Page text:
Simon Willison’s Weblog


5 items tagged “replicate”


Accessing Llama 2 from the command-line with the llm-replicate plugin

The big news today is Llama 2, the new openly licensed Large Language Model from Meta AI. It’s a really big deal:

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How I Used Stable Diffusion and Dreambooth to Create A Painted Portrait of My Dog (via) I like posts like this that go into detail in terms of how much work it takes to deliberately get the kind of result you really want using generative AI tools. Jake Dahn trained a Dreambooth model from 40 photos of Queso—his photogenic Golden Retriever—using Replicate, then gathered the prompts from ten images he liked on Lexica and generated over 1,000 different candidate images, picked his favourite, used Draw Things img2img resizing to expand the image beyond the initial crop, then Automatic1111 inpainting to tweak the ears, then Real-ESRGAN 4x+ to upscale for the final print. # 16th April 2023, 7:57 pm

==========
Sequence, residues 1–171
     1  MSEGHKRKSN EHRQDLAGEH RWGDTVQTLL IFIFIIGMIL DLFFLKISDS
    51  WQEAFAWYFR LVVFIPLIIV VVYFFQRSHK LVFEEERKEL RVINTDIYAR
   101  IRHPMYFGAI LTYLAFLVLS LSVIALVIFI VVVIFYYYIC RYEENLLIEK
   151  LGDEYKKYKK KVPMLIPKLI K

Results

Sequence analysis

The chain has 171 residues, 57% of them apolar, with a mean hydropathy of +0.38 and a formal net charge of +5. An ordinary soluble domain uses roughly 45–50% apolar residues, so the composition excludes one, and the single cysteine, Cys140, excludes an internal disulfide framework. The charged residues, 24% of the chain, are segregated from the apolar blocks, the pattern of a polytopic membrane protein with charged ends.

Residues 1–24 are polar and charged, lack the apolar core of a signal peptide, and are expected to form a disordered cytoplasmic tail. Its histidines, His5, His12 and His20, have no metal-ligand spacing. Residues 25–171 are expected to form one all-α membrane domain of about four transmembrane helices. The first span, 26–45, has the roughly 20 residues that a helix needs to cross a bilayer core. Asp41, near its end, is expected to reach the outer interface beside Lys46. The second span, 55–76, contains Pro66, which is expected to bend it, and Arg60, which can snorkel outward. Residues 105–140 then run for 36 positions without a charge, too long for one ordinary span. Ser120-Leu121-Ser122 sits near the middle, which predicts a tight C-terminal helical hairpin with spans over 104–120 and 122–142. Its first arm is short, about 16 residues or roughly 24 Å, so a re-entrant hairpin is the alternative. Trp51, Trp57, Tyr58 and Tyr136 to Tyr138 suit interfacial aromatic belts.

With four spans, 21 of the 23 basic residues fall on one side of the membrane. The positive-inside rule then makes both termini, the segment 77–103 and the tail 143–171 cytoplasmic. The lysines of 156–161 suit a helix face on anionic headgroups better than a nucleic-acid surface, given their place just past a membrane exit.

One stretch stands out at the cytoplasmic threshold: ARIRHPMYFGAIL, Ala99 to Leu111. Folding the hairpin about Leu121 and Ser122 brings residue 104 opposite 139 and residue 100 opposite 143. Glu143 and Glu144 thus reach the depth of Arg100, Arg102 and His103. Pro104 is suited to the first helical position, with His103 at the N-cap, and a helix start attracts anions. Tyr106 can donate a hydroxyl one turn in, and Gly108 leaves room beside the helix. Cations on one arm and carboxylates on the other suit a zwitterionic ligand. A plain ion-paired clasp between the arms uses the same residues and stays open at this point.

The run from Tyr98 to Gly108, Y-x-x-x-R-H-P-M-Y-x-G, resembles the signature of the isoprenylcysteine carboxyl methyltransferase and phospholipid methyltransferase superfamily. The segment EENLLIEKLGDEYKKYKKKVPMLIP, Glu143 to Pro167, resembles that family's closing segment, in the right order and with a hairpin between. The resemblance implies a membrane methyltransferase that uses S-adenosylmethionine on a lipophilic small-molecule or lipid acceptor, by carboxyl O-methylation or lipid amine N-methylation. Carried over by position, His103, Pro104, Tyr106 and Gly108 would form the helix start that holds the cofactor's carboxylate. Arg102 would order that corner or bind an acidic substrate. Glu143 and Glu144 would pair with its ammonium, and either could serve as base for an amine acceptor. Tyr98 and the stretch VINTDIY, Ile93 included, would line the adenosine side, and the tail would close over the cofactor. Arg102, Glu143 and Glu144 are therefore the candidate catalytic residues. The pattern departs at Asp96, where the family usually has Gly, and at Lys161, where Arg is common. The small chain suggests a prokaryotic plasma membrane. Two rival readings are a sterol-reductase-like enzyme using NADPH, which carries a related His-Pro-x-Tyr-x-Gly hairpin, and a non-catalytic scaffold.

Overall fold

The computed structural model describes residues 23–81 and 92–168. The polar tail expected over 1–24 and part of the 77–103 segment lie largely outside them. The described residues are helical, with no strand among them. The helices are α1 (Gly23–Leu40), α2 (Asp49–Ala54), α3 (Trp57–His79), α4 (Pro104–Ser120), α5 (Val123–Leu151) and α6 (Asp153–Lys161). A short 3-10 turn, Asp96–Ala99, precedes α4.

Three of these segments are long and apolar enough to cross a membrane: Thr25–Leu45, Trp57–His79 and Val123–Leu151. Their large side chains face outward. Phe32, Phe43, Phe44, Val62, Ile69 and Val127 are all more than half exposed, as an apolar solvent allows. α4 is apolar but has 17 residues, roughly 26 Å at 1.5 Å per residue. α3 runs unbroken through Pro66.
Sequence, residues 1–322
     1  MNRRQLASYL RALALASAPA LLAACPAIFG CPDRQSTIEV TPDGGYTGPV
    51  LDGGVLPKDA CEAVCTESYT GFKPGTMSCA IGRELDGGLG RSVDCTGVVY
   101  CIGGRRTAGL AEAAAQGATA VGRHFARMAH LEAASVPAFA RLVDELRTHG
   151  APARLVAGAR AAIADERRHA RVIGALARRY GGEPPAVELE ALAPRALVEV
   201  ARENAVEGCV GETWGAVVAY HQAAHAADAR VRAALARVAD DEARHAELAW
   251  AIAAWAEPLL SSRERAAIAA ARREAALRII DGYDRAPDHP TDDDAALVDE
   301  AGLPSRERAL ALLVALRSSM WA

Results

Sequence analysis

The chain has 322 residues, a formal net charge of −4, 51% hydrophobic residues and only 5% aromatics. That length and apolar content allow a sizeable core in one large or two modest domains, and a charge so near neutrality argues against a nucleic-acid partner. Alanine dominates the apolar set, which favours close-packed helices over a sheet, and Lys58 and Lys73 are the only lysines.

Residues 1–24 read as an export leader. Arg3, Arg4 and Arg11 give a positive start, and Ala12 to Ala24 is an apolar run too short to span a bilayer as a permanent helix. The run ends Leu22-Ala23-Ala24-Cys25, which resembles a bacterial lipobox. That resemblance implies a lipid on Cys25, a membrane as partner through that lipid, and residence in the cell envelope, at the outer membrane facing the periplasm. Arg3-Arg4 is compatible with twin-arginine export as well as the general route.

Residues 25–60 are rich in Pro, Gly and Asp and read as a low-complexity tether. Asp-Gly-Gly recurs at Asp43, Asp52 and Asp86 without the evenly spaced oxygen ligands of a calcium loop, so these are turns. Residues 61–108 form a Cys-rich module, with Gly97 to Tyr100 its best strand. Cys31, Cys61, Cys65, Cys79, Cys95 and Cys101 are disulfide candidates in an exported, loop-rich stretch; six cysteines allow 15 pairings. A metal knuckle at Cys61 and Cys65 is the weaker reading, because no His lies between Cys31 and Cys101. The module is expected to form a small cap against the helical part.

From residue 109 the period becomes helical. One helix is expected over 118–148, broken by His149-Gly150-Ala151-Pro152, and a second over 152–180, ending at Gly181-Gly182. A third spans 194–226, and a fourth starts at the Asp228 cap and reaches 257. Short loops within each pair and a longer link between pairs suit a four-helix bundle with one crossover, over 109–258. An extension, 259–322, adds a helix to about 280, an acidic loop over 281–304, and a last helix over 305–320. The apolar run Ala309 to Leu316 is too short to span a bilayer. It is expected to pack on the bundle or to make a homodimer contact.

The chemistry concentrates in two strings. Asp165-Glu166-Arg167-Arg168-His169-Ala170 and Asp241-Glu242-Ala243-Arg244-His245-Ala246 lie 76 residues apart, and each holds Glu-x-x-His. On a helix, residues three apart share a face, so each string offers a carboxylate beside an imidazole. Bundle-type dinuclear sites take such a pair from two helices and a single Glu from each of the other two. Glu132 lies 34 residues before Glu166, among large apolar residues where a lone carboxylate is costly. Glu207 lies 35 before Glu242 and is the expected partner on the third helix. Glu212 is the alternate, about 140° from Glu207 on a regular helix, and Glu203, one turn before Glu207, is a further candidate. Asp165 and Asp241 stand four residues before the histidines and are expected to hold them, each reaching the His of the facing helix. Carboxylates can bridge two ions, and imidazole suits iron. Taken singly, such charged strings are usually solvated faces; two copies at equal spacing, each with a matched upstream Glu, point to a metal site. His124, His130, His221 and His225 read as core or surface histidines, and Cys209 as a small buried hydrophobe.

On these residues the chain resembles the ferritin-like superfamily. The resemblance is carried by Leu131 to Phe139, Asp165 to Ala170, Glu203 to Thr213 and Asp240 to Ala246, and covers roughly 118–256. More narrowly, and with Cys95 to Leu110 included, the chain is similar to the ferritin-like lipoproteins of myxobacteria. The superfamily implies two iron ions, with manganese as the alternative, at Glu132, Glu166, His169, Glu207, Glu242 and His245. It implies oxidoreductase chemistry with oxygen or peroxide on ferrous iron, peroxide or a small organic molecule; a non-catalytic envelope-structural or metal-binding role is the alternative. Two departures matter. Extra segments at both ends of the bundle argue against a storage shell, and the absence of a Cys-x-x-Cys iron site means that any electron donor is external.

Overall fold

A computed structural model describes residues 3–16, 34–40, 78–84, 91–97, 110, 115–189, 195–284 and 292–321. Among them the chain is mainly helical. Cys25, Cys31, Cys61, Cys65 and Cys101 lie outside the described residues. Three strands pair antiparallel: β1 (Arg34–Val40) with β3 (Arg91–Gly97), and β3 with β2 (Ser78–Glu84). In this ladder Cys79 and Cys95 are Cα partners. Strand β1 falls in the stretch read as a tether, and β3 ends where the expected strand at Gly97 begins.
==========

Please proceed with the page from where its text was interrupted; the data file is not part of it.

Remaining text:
Fine-tune LLaMA to speak like Homer Simpson. Replicate spent 90 minutes fine-tuning LLaMA on 60,000 lines of dialog from the first 12 seasons of the Simpsons, and now it can do a good job of producing invented dialog from any of the characters from the series. This is a really interesting result: I’ve been skeptical about how much value can be had from fine-tuning large models on just a tiny amount of new data, assuming that the new data would be statistically irrelevant compared to the existing model. Clearly my mental model around this was incorrect. # 17th March 2023, 11:08 pm

Train and run Stanford Alpaca on your own machine. The team at Replicate managed to train their own copy of Stanford’s Alpaca—a fine-tuned version of LLaMA that can follow instructions like ChatGPT. Here they provide step-by-step instructions for recreating Alpaca yourself—running the training needs one or more A100s for a few hours, which you can rent through various cloud providers. # 16th March 2023, 4:10 pm


A tool to run caption extraction against online videos using Whisper and GitHub Issues/Actions

I released a new project this weekend, built during the Bellingcat Hackathon (I came second!) It’s called Action Transcription and it’s a tool for caturing captions and transcripts from online videos.

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